Some Pentagon leaders have said the Navy variant is the only one threatened by a review that was ordered by the Trump administration and that Secretary of Defense James Mattis is currently conducting. This may prove to be one part of the program where a viable alternative to the F-35 is sought.
Price Tag Is the Only Thing Stealthy about the F-35:
Much has been said since the election about further F-35 purchases and affordability. President Trump questioned the program’s value in a series of tweets before the inauguration, but hopes that the program would be dramatically altered were dashed when he declared he had convinced Lockheed Martin to shave $600 million from the price of the latest batch of F-35s. Lockheed Martin and their partners within the JPO had already stated the price would be lower, largely due to improved efficiencies in manufacturing. On the surface, this seems like a great development for the American taxpayers, but any money “saved” now will end up costing far more in the future because we are buying a bunch of untested prototypes that will require extensive and expensive retrofits later. And this problem will only be compounded if Lockheed Martin and the Joint Program Office get their way and Congress approves a three year “block buy” of 400 F-35s before the program completes the testing and evaluation process.
The prices quoted in the press are usually based on the cost of an Air Force conventional take-off variant, the F-35A—the least expensive of the three variants. In addition, that cost figure is only an estimate of future costs, one that assumes everything will proceed perfectly for the F-35 from here on out—which is unlikely as the program enters its most technologically challenging test phase. As this latest DOT&E report shows, the program has a long way to go before the F-35 will be ready for combat.
The Joint Program Office recently claimed that the price for an F-35A went below $100 million each in the FY 2016 contract. Yet in its FY 2016 legislation, Congress appropriated $119.6 million per F-35A.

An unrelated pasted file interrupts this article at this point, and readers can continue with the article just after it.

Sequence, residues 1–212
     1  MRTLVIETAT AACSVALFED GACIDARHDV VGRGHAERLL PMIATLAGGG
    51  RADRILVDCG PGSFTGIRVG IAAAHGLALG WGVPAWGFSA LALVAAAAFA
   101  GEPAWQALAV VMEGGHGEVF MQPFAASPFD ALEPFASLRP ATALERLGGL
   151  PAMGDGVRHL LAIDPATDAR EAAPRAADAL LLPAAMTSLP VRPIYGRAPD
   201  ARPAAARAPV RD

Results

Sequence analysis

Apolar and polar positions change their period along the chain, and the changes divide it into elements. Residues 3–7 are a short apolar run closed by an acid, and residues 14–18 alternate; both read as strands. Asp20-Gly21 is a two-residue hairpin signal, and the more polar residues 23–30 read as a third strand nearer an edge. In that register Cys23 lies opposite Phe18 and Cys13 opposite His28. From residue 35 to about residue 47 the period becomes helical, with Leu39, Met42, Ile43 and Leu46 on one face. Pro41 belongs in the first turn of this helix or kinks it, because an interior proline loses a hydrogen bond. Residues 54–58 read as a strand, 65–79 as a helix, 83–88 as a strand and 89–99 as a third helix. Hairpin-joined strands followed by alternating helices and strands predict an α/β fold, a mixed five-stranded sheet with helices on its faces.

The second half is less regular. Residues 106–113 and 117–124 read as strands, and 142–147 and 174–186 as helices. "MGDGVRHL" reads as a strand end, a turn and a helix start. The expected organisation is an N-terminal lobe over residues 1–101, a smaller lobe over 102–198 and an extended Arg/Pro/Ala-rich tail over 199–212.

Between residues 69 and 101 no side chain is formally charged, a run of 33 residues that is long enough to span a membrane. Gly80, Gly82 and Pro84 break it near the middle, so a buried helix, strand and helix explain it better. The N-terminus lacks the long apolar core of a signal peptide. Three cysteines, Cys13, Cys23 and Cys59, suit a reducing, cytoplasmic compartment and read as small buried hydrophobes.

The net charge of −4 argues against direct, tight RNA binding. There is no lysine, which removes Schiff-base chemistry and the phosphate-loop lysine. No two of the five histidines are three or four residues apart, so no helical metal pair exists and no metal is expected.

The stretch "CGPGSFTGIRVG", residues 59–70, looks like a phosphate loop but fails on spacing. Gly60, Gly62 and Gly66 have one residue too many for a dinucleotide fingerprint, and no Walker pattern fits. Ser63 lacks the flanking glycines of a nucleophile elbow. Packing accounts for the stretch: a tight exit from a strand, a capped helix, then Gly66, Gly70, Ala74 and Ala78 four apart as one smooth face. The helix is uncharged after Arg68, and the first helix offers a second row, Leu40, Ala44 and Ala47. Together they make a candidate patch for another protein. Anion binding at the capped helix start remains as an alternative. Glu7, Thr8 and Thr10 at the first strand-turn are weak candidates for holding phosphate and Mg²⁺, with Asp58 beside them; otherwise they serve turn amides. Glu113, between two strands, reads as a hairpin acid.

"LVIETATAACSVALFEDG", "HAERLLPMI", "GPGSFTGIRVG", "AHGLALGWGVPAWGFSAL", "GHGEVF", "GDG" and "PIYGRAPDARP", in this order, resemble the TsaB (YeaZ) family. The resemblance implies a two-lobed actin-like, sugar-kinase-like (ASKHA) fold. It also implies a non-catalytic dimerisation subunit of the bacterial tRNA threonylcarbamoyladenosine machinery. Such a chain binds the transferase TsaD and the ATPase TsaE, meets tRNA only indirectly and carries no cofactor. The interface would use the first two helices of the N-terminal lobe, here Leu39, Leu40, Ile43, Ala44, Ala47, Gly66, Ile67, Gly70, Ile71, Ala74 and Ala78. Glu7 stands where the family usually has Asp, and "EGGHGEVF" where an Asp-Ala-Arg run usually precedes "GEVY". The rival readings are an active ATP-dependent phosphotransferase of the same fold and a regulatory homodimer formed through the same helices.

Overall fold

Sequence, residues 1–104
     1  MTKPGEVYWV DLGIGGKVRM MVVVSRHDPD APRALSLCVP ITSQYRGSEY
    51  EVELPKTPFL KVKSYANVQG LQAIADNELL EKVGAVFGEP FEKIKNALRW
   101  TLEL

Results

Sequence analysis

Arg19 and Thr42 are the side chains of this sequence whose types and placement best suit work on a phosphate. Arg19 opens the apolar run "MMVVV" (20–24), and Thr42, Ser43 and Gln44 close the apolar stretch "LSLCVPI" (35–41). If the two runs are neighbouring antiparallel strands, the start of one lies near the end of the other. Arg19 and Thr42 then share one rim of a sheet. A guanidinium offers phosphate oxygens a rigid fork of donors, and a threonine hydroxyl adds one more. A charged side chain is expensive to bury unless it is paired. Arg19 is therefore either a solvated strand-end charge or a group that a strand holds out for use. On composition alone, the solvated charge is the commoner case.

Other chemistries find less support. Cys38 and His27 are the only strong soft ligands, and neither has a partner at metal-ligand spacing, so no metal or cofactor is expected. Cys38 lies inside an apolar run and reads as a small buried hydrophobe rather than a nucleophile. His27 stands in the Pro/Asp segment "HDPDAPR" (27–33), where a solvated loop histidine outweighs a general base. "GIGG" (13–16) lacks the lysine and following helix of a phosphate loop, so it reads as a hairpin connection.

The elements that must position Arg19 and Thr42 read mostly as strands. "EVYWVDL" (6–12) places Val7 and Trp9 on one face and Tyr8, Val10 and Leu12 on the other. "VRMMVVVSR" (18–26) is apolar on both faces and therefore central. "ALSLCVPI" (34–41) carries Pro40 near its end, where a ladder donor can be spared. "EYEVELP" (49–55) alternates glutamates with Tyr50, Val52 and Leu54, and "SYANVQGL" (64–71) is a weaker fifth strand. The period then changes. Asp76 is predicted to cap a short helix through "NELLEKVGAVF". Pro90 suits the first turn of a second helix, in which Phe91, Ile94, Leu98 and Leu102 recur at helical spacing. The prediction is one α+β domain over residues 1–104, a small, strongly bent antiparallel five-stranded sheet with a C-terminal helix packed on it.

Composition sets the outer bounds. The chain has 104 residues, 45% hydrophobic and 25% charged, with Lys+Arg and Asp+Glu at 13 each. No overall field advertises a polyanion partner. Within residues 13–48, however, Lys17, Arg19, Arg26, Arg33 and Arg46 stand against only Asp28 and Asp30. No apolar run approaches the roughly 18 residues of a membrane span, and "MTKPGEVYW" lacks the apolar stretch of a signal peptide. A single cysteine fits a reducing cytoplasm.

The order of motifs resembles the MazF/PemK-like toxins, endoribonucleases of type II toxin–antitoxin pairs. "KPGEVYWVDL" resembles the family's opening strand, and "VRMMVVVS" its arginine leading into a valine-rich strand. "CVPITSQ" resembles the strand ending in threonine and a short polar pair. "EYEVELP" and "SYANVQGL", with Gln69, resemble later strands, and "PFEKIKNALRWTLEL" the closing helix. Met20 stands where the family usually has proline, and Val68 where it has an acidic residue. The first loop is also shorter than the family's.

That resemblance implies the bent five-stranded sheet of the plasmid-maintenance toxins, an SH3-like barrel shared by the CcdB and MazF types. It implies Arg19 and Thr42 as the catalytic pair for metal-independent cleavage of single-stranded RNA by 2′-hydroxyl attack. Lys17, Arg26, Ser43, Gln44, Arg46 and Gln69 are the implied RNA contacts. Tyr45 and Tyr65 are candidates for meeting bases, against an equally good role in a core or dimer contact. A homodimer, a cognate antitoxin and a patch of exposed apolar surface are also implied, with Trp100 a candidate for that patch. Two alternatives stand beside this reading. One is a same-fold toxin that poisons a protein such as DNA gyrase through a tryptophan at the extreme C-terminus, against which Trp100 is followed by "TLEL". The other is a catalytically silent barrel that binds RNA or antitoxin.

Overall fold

Even this amount doesn’t tell the whole story: it only covers the procurement cost, not what it will cost to bring F-35As up to the latest approved configuration, nor the additional Military Construction costs to house and operate F-35As. And of course, the $119.6 million price tag does not include any of the research and development costs to develop and test the F-35A. The 2016 production-only cost for the Marine Corps’ F-35B and the Navy’s F-35C is $166.4 million and $185.2 million per plane, respectively.
First, they don’t include how much it will cost to fix design flaws discovered in recent, current, and future testing—a not insubstantial amount of money. Nor do they include the costs of planned modernization efforts, such as for Block 4 of the aircraft, which will be incorporated into all F-35As in the future. The Government Accountability Office estimates the program will spend at least $3 billion on the modernization effort in the next six years. For example, modifications to fix just some of the problems identified up to now cost $426.7 million, according to the GAO. Each of these aircraft were already modified and they will require more in the future. The Air Force has already acknowledged it must retrofit all 108 of the F-35As delivered to it and in the operational fleet. These costs will continue to grow as known problems are fixed and new ones are discovered, and they are an integral part of the cost per airplane.
As the program moves out of the easy part of the testing—the development or laboratory testing—and into the critical combat (operational) testing period in the next few years, even more problems will be uncovered. A good example occurred in late 2016 when engineers discovered debris inside the fuel tank of an F-35. Upon closer inspection, they found that the insulation wrapped around coolant lines had disintegrated because a subcontractor failed to use the proper sealant. And, when the GAO estimated it would cost $426.7 million to fix some of the known problems in the F-35As already in depot, the coolant line insulation problem had not been discovered. Fixes to this and other problems will all have to be devised, tested, and implemented throughout the fleet of aircraft already produced and purchased.